Former FBI chief James Comey's description of President Donald Trump's alleged attempts to kill an FBI probe into Russia veer toward an obstruction of justice, says an ex-Justice Department official, who served as counsel to Watergate's special prosecutors.
"Any experienced prosecutor would see these facts as establishing a prima facie case of obstruction of justice," Philip Allen Lacovara wrote in an opinion piece in Thursday's The Washington Post.
Lacovara said Comey has laid out "a case against the president that consists of a tidy pattern, beginning with the demand for loyalty" and "the threat to terminate Comey's job."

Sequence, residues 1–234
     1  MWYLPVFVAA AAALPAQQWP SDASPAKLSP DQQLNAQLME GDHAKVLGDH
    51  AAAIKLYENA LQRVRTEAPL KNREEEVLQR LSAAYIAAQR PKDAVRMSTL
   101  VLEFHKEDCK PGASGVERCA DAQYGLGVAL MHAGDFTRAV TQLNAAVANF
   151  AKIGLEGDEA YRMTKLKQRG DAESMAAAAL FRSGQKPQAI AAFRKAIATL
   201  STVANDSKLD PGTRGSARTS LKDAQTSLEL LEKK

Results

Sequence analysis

Comey outlined "repeated requests to turn off the investigation into [National Security Adviser Mike] Flynn and the final infliction of career punishment for failing to succumb to the president's requests, all followed by the president's own concession about his motive," Lacovara said.
He added: "This kind of presidential intervention in a pending criminal investigation has not been seen, to my knowledge, since the days of Richard Nixon and Watergate."
In seven pages of written testimony made public Wednesday, Comey outlined how Trump sought his loyalty and an end to the investigation into Flynn.
Comey is testifying Thursday before the Senate Intelligence Committee investigating possible ties between Trump campaign officials and Russian meddling in the 2016 presidential election.
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